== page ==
What you are describing is a situation in which you are designing APIs - between your application and the plug-ins. At this level you should focus on designing the interfaces and the data that needs to be exchanged without worrying about any specific persistence strategy. Once you nail that part, then part of the implementation in your application can handle the data any way it wants.

Since you are using Java, take a look at any high-level API you already use for the design cues - like Spring Data, Collections (e.g. Map, List) etc. They all hide the details behind Interfaces, Abstract classes and Concrete classes that implement the desired functionality.

At a very high level, I can think of the following (very simplistic approach, not knowing the exact details):

  1. An Interface that allows a plugin to register itself to your application. Say you call it PluginRegistry. Then the method in it should be relevant for any plugin to register itself to the application and establish the communication links (like message listeners, callbacks etc). Your interface can dictate what method(s) the plugin needs to implement.
  2. Say another interface defines the message exchange. It could be a high-level Interface coupled with an Abstract class (for default implementation) and one or more Concrete classes for specific implementations. You can leave the implementation of concrete classes to the plugins.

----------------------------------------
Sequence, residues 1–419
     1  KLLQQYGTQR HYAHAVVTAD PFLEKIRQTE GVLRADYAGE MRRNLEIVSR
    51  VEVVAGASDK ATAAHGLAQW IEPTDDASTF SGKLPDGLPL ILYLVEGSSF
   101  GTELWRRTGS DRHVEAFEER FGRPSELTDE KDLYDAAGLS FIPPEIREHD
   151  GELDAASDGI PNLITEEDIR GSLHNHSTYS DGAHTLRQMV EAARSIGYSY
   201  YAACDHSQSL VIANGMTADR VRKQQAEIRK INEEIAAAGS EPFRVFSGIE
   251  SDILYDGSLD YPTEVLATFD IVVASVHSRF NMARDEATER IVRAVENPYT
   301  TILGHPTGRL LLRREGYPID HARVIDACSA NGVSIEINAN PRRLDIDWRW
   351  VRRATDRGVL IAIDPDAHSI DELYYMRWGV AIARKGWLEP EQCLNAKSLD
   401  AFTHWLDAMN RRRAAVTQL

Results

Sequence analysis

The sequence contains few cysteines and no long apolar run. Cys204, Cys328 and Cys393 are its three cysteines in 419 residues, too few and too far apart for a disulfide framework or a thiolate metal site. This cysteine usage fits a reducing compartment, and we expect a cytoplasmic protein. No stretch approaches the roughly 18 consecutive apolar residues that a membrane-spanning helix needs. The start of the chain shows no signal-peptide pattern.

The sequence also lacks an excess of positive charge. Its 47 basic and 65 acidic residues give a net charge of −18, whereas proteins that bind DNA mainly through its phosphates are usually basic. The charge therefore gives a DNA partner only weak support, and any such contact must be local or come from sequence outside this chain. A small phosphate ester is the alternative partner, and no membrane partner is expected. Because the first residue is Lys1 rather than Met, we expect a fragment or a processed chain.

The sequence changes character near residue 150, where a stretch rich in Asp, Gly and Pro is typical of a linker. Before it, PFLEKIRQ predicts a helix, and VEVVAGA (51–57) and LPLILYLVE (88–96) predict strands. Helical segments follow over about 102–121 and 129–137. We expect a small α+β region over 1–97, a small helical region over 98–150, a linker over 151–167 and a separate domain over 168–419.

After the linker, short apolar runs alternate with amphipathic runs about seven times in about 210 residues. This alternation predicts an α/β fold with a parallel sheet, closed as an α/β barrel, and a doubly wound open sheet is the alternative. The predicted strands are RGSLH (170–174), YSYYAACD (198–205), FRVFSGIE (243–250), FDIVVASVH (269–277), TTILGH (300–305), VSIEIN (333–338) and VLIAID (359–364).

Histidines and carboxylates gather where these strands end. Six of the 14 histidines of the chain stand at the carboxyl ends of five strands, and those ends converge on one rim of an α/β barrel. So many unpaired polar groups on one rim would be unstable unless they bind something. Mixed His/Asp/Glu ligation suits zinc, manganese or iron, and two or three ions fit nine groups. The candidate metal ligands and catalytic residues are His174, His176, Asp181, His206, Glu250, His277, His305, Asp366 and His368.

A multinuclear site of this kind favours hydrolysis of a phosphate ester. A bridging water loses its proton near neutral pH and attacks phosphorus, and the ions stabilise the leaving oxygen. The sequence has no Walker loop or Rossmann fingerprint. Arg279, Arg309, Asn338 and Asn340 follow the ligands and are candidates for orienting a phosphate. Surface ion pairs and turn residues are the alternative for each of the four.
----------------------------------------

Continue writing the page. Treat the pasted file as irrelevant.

Your abstract classes can hide the details of logging in the database. Since you have the flexibility to design how the message should look like (plug-in will inherit from and/or implement the necessary interface), the abstract class with the default implementation can write the necessary data to the database (I'd prefer a log file) without the plugin knowing too much about it. This way you do not need to expose this functionality to plugins and can later change your implementations as needed.

The reason I mentioned that a log file is preferred over a relational-db is that you will have flexibility in logging any way you want in a file. A NoSQL db would also be a good choice here as it wont force you into hard relationships between your data early on. Then write some scripts (e.g. in Python, Perl etc) to analyze the log files and gather the necessary data and put in the relational-db as needed for reporting. But your main raw data store will be log files. As your application matures, you will get a good idea of the data's structure, important elements and automate the analysis scripts. As you log more type of data, you will need to update the scripts as needed, but hey you wont be changing the db tables where and breaking your application.